Should the hopes, dreams, and aspirations of Rhode Island families be limited by an arbitrary, politically driven budget number at the bottom of a spreadsheet? Unfortunately, our state is now suffering the consequences of such an approach, dragged-down by the progressive-left’s big-spending agenda; as projected economic growth has not materialized, leaving the state with massive budget deficits.
Failure of Budget-Centric Apporoach. Yet, for decades, state politicians have practiced allegiance to a budget that has failed its people; a budget that requires unhealthy levels of taxation and regulation. This, as opposed to the allegiance they are sworn to uphold to the people of Rhode Island.
Despite the false hopes expressed by lawmakers based solely on a reduced unemployment rate, on broader measures, in 2016 the Ocean State suffered the worst business climate and the 48th rank in family prosperity in the nation. Furthermore, Rhode Island was the only state in New England to see its labor force decline in size in recent years, as hundreds of thousands of people have chosen to leave our state since 2004. This is not a recovery. The RI Center for Freedom & Prosperity maintains that the high levels of taxation and over-regulation imposed for the sake of the state budget are the primary culprit in causing this stagnant performance.
It should now be plainly clear that this progressive-left, big-spending, budget-centric approach is not working. Indeed, the state budget itself, could be considered the enemy of the people! Put another way, overspending by a government that primarily seeks to perpetuate and grow itself, actually works against the best-interests of the very people it is supposed to be serving. Instead of seeking to grow prosperity, government seeks to grow itself. This approach must end.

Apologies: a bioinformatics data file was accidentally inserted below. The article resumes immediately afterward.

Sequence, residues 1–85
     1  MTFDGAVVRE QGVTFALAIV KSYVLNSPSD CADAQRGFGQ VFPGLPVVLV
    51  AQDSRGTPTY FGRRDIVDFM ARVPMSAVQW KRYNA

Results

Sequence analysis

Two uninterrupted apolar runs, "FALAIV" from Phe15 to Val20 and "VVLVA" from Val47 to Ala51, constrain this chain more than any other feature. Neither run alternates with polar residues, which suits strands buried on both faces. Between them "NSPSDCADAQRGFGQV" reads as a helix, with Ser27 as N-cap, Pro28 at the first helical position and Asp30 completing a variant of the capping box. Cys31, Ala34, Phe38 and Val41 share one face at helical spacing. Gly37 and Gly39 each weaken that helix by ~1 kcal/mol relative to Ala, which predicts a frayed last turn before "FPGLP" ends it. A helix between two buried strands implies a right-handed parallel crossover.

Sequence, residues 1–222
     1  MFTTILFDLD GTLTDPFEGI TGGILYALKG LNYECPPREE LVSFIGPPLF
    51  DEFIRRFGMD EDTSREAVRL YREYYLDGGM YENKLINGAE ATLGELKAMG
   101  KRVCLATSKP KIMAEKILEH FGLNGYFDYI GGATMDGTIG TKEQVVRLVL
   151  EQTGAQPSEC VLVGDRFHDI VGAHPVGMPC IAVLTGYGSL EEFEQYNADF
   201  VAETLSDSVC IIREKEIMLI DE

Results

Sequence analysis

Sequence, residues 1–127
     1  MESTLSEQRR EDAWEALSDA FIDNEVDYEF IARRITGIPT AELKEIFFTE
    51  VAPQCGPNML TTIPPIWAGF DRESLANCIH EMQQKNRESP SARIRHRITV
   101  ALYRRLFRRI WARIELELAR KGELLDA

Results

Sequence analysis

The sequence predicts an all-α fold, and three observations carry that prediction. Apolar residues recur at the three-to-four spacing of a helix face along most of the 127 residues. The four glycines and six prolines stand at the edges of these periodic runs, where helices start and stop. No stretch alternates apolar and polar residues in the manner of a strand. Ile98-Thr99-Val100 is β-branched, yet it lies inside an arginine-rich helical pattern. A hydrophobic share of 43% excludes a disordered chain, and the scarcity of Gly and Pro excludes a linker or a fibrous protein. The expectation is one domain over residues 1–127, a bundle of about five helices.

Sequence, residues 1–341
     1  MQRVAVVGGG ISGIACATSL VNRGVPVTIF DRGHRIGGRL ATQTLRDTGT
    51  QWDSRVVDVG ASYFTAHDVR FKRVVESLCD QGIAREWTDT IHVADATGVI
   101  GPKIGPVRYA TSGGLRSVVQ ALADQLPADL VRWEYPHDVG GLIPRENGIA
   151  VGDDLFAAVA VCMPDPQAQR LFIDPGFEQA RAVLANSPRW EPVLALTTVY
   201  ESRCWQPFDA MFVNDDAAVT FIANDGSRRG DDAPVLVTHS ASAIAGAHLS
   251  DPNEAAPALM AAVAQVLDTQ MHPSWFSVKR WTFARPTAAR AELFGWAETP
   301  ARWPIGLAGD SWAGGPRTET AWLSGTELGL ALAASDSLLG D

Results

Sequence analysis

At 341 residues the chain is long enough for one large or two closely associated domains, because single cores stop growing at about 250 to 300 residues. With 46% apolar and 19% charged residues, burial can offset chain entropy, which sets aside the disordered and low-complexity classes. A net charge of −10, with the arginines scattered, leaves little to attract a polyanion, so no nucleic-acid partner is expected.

A battle of visions. The progressive-left vision measures compassion and progress by how many people are enrolled in — and become dependent upon — public assistance programs; and by how much money is thrown at a perceived problem. Conversely, the Center believes that Rhode Island families can improve their quality of life and increase their level self-sufficiency only if more and better businesses are free to create more and better jobs and if families can keep more of their hard-earned incomes!
To realize this latter vision — and for true prosperity to be realized — the size of government via budget spending must be cut, so that taxes can be decreased.
What is really in the best interests of Rhode Island families? Is dependence on an unreliable and inefficient government what people hope and strive for? Or, should it be the American dream; where promised freedoms and opportunities abound so that we can increase our own own personal wealth and quality of life?
Deficits: An Opportunity to Reverse Course. Rhode Island’s budget spending rises every year — far beyond the rate of inflation and population growth — as lawmakers are resistant to spending cuts, even when such cuts could lead to increased prosperity for its residents! If phasing out the car tax and cutting the state sales tax to 3.0% would keep more money in the pockets of residents … and could create thousands of new jobs and better opportunities at the same time … why should any budget number stand in the way?